Employers are struggling to decipher Brexit's impact on legislation and recruitment, but Tar Tumber highlights the looming challenges.
06 November 2018 | Tar Tumber
The EU (Withdrawal) Act 2018 allows the UK to 'cut off' EU law and prevents EU institutions from affecting UK legislation.
For continuity, the act will absorb applicable EU legislation into UK domestic law, and the government will decide on what to retain, amend or discard.
In the case of 'no deal', the government has confirmed two areas that will be affected:
- Employer insolvency: Currently UK and EU workers in the UK can make claims in the case of employer insolvency; UK employees in the EU can make similar claims but in a 'no deal' situation, they'd need to check legislation in their host country.
- European Works Councils: EU law entitles workers to request EWCs be established to communicate issues affecting staff across two or more EEA states. In a 'no deal' scenario, UK businesses with existing EWCs will need to amend the agreements if no reciprocal arrangements are in place.
- Withdrawal from the EU is unlikely to immediately impact the employment relationship. That said, if a future government chose to amend employment law, these are the likely areas:
- TUPE transfers: Specifically the opportunity to harmonise terms and conditions of all staff;
- Holiday pay and what is included in the calculations;
- A compensation cap could be applied in discrimination tribunal cases; and
- Agency Workers Regulations could be amended, removing day one/week 12 rights.
Since the referendum, several industries have reported issues with recruitment and retention.
The government has said EU nationals who have lived in the UK for five years plus will be able to apply for settled status to continue living and working in the UK.
EU nationals with less than five years' residency can apply for pre-settled status, and then settled status at the five-year mark. This scheme will launch by the end of March 2019 and remain open until 30 June 2021.
From then, it appears EU nationals will not receive preferential treatment over non-EU workers and a new points-based system will apply to all.
There are also imminent changes employers should be aware of 'back home':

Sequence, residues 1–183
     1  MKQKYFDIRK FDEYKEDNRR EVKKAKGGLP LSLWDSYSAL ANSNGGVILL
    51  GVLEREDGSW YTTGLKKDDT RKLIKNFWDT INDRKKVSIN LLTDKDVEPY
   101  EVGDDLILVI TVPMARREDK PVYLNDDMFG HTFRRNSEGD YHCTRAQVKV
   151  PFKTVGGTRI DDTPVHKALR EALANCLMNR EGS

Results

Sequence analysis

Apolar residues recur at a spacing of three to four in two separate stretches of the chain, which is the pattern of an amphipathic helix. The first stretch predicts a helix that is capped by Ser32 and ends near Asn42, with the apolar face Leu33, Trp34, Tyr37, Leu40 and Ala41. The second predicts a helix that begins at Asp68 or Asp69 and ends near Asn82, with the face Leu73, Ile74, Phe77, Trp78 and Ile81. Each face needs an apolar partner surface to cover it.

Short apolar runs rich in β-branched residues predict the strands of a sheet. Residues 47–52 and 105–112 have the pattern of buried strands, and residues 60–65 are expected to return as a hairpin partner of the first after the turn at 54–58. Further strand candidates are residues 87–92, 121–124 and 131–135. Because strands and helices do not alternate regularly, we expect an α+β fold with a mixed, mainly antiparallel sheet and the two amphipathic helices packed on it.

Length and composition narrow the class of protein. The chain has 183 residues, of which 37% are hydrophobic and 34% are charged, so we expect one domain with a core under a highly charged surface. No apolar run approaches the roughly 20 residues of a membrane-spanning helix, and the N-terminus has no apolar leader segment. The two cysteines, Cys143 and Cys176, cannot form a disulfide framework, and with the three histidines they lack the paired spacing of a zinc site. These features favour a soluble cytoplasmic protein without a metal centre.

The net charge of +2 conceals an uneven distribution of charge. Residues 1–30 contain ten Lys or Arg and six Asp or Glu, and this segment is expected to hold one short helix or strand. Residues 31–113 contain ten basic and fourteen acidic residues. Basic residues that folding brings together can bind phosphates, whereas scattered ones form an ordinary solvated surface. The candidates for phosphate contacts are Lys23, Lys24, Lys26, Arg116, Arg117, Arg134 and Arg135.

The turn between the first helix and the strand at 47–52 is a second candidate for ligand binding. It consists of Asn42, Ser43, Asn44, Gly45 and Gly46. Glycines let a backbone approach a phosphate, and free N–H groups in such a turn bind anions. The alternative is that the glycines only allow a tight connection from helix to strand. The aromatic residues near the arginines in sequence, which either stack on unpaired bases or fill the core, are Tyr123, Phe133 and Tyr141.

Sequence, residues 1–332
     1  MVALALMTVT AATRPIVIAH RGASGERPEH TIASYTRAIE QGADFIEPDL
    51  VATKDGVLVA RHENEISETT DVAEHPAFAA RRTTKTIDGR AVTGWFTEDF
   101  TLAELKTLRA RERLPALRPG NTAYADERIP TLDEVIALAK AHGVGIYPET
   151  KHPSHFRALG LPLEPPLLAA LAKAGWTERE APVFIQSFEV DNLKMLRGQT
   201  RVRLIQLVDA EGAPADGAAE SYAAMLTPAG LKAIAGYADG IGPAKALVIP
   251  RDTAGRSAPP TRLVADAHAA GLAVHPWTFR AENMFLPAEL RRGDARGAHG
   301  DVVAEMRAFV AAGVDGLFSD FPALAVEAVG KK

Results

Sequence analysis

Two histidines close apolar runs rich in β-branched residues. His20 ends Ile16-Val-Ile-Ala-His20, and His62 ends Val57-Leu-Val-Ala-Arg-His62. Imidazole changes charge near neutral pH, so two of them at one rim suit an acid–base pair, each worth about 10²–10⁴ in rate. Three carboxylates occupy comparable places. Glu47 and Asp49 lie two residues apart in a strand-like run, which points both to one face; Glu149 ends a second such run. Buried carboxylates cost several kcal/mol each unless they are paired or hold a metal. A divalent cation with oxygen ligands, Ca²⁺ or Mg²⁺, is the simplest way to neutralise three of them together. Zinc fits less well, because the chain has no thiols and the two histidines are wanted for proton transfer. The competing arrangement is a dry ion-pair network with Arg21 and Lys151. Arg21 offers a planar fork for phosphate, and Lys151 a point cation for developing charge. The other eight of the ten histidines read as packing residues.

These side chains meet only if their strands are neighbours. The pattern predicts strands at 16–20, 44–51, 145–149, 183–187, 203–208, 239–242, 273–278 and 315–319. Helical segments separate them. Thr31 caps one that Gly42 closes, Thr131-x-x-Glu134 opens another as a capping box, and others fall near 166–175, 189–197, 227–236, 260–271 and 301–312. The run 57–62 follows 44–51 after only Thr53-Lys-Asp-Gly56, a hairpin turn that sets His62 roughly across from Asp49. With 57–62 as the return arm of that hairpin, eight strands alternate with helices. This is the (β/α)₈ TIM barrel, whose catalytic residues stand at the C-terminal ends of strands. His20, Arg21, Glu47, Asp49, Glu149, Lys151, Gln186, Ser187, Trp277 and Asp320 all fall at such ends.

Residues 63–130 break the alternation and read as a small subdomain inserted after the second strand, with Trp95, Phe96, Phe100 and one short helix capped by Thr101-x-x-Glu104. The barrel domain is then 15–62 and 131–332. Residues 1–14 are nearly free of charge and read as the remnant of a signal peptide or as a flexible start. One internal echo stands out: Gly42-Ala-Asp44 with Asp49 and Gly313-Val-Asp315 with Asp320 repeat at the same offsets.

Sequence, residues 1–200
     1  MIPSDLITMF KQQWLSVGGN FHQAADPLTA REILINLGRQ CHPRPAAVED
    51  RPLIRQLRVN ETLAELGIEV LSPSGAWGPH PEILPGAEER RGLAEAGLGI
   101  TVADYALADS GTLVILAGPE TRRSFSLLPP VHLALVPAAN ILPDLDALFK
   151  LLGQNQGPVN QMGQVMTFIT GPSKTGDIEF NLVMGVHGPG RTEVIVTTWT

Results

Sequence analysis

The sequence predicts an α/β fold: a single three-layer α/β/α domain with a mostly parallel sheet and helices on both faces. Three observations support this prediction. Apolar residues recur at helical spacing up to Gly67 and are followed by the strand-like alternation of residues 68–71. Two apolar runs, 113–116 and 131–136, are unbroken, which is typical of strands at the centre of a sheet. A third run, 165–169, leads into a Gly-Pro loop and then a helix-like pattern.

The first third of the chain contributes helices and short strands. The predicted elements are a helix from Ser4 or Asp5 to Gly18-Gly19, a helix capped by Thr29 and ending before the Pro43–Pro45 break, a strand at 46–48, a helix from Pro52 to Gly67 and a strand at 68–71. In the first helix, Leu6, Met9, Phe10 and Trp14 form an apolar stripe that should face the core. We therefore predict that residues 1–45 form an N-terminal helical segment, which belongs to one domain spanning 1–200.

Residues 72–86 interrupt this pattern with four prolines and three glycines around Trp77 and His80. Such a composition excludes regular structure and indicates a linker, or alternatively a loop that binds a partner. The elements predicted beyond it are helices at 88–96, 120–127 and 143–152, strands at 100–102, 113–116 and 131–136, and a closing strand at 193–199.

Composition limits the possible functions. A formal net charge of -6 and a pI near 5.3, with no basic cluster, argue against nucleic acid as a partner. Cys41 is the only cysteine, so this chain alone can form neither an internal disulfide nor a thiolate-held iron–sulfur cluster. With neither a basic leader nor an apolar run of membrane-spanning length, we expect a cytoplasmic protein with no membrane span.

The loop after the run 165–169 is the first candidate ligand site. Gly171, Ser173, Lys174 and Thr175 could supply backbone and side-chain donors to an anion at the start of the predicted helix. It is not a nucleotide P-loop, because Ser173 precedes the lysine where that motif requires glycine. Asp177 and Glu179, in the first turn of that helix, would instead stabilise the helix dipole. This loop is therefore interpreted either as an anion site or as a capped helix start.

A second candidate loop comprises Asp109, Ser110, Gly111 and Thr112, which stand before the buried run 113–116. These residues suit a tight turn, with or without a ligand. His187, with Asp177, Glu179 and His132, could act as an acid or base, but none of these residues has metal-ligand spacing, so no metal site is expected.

Executive pay reporting duty - 1 January 2019
The Companies (Miscellaneous Reporting) Regulations 2018 require UK listed companies with 250 or more employees to publish the pay gap between their CEO's total remuneration and that of their average worker.
This must be published annually for financial years beginning on or after 1 January 2019. The first reports will be due on 1 January 2020 (or when the financial year ends in 2020).
Payslip changes - 6 April 2019
1) Where an employee's pay varies (under variable or zero-hours contracts), the employer must detail the total number of hours for which the employee is being paid to provide transparency of payment.
2) Itemised payslips must also be provided to 'workers' and not just employees from this date.
Tax on termination payments - 6 April 2019
Employers will be liable to pay Class 1A national insurance contributions on termination payments above £30,000 that are subject to income tax by the employee. This change was delayed from April 2018.
Parental bereavement leave - 2020
The Parental Bereavement (Leave and Pay) Bill will grant at least two weeks' leave after the loss of a child up to the age of 18 or a stillbirth after 24 weeks of pregnancy.
Employees with 26 weeks' continuous service will be entitled to paid leave at the statutory rate and other employees will be entitled to unpaid leave.
There are also legal challenges to the gig economy and 'joint employment' status, which could derail the outsourcing concept.
Turbulent times lie ahead - we'll keep you updated.
Tar Tumber is director of employee relations at Workplace Law, part of International Workplace